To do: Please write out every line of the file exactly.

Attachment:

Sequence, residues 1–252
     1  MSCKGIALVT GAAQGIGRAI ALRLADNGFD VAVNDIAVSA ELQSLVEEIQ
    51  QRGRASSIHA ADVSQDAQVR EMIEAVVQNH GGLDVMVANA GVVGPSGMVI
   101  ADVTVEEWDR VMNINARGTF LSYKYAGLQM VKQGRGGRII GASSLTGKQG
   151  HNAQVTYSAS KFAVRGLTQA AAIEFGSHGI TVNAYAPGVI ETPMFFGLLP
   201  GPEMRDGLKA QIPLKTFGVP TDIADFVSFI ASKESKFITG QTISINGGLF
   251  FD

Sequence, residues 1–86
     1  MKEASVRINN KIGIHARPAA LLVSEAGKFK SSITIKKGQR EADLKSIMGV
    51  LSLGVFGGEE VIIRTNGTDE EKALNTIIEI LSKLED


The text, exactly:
Sequence, residues 1–252
     1  MSCKGIALVT GAAQGIGRAI ALRLADNGFD VAVNDIAVSA ELQSLVEEIQ
    51  QRGRASSIHA ADVSQDAQVR EMIEAVVQNH GGLDVMVANA GVVGPSGMVI
   101  ADVTVEEWDR VMNINARGTF LSYKYAGLQM VKQGRGGRII GASSLTGKQG
   151  HNAQVTYSAS KFAVRGLTQA AAIEFGSHGI TVNAYAPGVI ETPMFFGLLP
   201  GPEMRDGLKA QIPLKTFGVP TDIADFVSFI ASKESKFITG QTISINGGLF
   251  FD

Sequence, residues 1–86
     1  MKEASVRINN KIGIHARPAA LLVSEAGKFK SSITIKKGQR EADLKSIMGV
    51  LSLGVFGGEE VIIRTNGTDE EKALNTIIEI LSKLED